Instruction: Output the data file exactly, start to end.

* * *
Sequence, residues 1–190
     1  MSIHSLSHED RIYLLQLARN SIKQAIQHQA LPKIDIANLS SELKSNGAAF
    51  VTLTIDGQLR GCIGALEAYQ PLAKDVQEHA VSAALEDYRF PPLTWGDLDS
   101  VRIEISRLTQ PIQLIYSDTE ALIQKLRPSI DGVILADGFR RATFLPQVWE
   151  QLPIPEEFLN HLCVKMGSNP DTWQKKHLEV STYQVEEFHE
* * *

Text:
Sequence, residues 1–190
     1  MSIHSLSHED RIYLLQLARN SIKQAIQHQA LPKIDIANLS SELKSNGAAF
    51  VTLTIDGQLR GCIGALEAYQ PLAKDVQEHA VSAALEDYRF PPLTWGDLDS
   101  VRIEISRLTQ PIQLIYSDTE ALIQKLRPSI DGVILADGFR RATFLPQVWE
   151  QLPIPEEFLN HLCVKMGSNP DTWQKKHLEV STYQVEEFHE